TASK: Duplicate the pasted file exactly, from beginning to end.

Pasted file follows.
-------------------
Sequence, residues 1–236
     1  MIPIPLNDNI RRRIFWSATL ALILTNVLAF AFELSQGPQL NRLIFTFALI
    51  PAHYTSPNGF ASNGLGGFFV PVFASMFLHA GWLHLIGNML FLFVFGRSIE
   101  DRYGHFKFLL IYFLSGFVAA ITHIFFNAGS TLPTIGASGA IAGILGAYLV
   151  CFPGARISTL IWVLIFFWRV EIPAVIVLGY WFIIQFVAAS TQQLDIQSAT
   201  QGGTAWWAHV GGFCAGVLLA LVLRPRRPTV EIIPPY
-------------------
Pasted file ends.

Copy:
Sequence, residues 1–236
     1  MIPIPLNDNI RRRIFWSATL ALILTNVLAF AFELSQGPQL NRLIFTFALI
    51  PAHYTSPNGF ASNGLGGFFV PVFASMFLHA GWLHLIGNML FLFVFGRSIE
   101  DRYGHFKFLL IYFLSGFVAA ITHIFFNAGS TLPTIGASGA IAGILGAYLV
   151  CFPGARISTL IWVLIFFWRV EIPAVIVLGY WFIIQFVAAS TQQLDIQSAT
   201  QGGTAWWAHV GGFCAGVLLA LVLRPRRPTV EIIPPY